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TO BE PUBLISHED IN THE OFFICIAL REPORTS

OFFICE OF THE ATTORNEY GENERAL


State of California

BILL LOCKYER
Attorney General

:
OPINION : No. 98-1102
:
of : March 10, 1999
:
BILL LOCKYER :
Attorney General :
:
ANTHONY M. SUMMERS :
Deputy Attorney General :
:

THE CALIFORNIA LAW ENFORCEMENT TELECOMMUNICATIONS


ADVISORY COMMITTEE has requested an opinion on the following question:

May a city, which by contract provides parking citation management services


to another city, have access through its police department to the California Law Enforcement
Telecommunications System to assist it in performing its contractual responsibilities?

CONCLUSION

A city, which by contract provides parking citation management services to


another city, may have access through its police department to the California Law
Enforcement Telecommunications System to assist it in performing its contractual
responsibilities.

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ANALYSIS

The Legislature has authorized the Department of Justice to maintain a


statewide telecommunications system, known as “CLETS,” for the use of law enforcement
agencies. (Gov. Code, §§ 15150-15167.)1 The purposes of CLETS are set forth in section
15151 as follows:

“The maintenance of law and order is, and always has been, a primary
function of government and is so recognized in both Federal and State
Constitutions. The state has an unmistakable responsibility to give full support
to all public agencies of law enforcement. This responsibility includes the
provision of an efficient law enforcement communications network available
to all such agencies. It is the intent of the Legislature that such a network be
established and maintained in a condition adequate to the needs of law
enforcement. It is the purpose of this chapter to establish a law enforcement
telecommunications system for the State of California.”

The question presented for resolution is whether CLETS may be used by a city to provide
parking citation management services to another city. We conclude that it may be so used.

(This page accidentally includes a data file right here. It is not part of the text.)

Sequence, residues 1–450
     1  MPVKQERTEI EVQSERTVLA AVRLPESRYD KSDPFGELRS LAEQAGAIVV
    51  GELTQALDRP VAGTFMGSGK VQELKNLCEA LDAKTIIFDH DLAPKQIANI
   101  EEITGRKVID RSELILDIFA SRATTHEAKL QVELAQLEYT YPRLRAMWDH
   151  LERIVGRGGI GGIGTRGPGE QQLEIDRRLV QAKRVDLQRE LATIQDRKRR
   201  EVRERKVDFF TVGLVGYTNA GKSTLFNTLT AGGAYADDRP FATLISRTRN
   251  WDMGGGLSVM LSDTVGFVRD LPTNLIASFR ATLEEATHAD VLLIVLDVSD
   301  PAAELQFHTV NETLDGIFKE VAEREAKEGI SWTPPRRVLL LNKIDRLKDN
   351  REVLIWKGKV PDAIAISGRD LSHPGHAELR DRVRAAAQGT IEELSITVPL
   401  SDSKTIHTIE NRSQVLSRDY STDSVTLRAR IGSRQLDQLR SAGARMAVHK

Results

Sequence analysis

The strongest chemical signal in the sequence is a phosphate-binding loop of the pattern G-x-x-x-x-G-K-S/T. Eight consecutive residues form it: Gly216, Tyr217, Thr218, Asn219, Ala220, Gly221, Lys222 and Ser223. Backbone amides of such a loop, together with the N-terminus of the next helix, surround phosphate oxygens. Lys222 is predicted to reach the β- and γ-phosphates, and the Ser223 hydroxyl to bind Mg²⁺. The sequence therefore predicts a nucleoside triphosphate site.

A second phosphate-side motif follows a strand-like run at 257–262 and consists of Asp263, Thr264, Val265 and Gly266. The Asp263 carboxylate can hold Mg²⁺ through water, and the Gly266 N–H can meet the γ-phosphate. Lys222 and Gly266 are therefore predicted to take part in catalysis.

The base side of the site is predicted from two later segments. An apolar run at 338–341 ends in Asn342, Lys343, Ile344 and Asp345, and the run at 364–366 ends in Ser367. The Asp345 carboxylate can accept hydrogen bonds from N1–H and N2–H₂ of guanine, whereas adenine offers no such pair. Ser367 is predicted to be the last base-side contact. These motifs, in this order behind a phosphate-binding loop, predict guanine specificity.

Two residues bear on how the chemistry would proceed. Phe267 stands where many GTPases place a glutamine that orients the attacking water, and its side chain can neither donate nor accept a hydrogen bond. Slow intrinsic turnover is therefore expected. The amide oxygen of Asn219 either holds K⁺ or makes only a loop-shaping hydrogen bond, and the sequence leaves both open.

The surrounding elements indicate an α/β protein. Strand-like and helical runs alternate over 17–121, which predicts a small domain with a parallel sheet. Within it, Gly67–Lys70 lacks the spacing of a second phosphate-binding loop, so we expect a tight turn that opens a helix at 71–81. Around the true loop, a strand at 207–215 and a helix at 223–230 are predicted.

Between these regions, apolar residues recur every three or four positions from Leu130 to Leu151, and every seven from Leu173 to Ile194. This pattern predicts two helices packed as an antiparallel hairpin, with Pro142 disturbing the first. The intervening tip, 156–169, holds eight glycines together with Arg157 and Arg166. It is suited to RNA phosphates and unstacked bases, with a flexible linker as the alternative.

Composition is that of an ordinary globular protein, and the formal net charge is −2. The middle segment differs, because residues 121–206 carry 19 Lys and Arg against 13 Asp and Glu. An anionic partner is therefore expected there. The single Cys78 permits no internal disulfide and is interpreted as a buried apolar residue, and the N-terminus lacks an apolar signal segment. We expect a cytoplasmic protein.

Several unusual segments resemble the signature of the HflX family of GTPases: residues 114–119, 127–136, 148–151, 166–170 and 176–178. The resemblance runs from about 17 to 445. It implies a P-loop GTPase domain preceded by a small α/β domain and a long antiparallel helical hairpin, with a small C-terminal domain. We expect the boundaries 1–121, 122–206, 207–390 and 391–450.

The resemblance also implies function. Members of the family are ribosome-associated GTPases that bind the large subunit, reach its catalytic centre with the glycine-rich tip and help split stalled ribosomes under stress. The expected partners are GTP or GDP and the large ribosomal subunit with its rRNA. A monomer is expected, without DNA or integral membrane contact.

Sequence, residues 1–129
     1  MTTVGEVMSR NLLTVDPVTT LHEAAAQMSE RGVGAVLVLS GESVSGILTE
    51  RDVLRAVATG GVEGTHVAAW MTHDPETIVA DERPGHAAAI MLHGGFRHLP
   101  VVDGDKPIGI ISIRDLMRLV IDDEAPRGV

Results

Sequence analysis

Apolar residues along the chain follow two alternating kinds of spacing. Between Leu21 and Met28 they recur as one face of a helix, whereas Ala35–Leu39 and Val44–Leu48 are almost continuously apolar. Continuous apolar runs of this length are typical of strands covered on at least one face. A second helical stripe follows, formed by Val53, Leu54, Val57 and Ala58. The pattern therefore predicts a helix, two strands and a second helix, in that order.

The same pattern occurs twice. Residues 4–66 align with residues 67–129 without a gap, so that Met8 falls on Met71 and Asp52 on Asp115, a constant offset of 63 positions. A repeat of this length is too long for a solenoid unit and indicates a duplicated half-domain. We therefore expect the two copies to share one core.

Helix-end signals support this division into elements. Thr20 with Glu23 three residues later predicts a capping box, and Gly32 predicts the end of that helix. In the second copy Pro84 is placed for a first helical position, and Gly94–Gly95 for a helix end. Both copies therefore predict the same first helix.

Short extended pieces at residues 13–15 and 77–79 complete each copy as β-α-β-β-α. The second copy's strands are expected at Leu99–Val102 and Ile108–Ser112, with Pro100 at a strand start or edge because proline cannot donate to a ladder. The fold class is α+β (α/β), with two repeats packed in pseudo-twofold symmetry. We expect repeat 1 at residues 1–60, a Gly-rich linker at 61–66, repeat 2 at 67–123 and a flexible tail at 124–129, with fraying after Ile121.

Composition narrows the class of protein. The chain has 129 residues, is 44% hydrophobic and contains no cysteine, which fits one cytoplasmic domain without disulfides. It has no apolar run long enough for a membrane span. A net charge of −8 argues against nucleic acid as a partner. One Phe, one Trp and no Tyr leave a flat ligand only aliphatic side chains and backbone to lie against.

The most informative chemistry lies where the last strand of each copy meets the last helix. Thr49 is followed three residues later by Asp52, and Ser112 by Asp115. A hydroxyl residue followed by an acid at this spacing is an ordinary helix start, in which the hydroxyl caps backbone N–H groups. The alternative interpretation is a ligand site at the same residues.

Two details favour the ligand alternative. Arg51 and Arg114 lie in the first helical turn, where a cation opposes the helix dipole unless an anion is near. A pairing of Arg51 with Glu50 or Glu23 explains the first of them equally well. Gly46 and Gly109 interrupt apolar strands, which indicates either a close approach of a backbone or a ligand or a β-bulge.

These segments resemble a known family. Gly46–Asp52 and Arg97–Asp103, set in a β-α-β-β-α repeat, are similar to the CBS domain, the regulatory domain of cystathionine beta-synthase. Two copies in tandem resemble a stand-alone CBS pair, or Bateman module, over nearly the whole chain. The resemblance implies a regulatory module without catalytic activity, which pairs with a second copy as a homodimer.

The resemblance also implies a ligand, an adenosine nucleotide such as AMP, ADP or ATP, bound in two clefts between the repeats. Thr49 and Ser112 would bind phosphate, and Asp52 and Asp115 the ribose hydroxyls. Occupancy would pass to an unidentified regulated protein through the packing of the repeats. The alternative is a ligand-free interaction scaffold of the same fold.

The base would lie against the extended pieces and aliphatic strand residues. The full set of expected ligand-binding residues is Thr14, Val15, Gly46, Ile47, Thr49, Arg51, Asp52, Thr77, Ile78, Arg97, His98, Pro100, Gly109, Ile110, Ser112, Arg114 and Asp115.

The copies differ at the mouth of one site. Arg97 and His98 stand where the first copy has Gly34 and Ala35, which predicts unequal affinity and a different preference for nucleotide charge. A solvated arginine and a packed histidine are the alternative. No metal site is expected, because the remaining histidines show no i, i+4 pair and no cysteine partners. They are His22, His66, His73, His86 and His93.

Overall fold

We first note that the Legislature requires CLETS to “be used exclusively for
the official business of the state, and the official business of any city, county, city and
county, or other public agency.” (§ 15153.) Are parking citation management services
performed for another municipality “the official business of any city . . .”?

The parking management services being offered by the city in question include
(1) the identification of registered owners of cited vehicles, (2) the mailing of notices to the
persons responsible for paying the citation, (3) the placement of registration holds with the
Department of Motor Vehicles when a citation is not paid in a timely manner, and (4)
removal of the registration hold when the citation is cleared. (See Veh. Code, §§ 40200.8,
40203, 40206, 40206.5.) In some instances the services provided may be more extensive,
including (5) receipt of payment for citations, (6) responding to “customer inquiries,” (7)
conducting administrative investigations, (8) scheduling hearings, (9) carrying on all
correspondence relating to citations, and (10) forwarding funds received and providing an
accounting to the entity issuing the citation. These activities are described in Lockheed
Information Management Services Co. v. City of Inglewood (1998) 17 Cal.4th 170, 174-176,
where the court resolved the issue whether the provision of parking management services
pursuant to contract may constitute the “official business” of a city:

1
Further references to the Government Code will be by section number only.

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“. . . [G]overnment Code section 54981 authorizes Inglewood to
contract with other local agencies, both within and without Los Angeles
County, for assistance in the management and disposition of their parking
citations. The administration of parking tickets is a core ‘municipal . . .
function[]’which Inglewood is authorized to perform for itself, and which its
customer agencies, in the proper administration of their own municipal affairs,
are likewise authorized, and would otherwise be required, to perform for
themselves. Under Government Code section 54981, such functions may
therefore be the subject of a ‘contract service’agreement between Inglewood
and any other such ‘local agency,’regardless of their geographic relationship,
as the contracting parties deem in their best interests . . . .” (Id., at pp. 184-
185.)

Because the management and disposition of parking tickets is a core function of a


municipality that may be subject to a “contract service” agreement with another city, the city
performing the management services would be using CLETS for “the official business of any
city . . . .” (§ 15153.)

Next we consider whether providing parking citation management services


constitutes “law enforcement” activities, since the purpose of CLETS is to provide “an
efficient law enforcement communications network” to “public agencies of law
enforcement.” (§ 15151; see also §§ 15152, 15163, 15164.) Clearly a city police department
is a law enforcement agency for purposes of this statutory scheme, and a city parking
ordinance “has the same force within its corporate limits as a statute passed by the
Legislature has throughout the state. [Citations.]” (Brown v. City of Berkeley (1976) 57
Cal.App.3d 223, 231; accord, Simons v. City of Los Angeles (1977) 72 Cal.App.3d 924, 934.)
However, is the enforcement of laws through civil penalties rather than criminal penalties
a “law enforcement” function? We reject the suggestion that the term “law enforcement”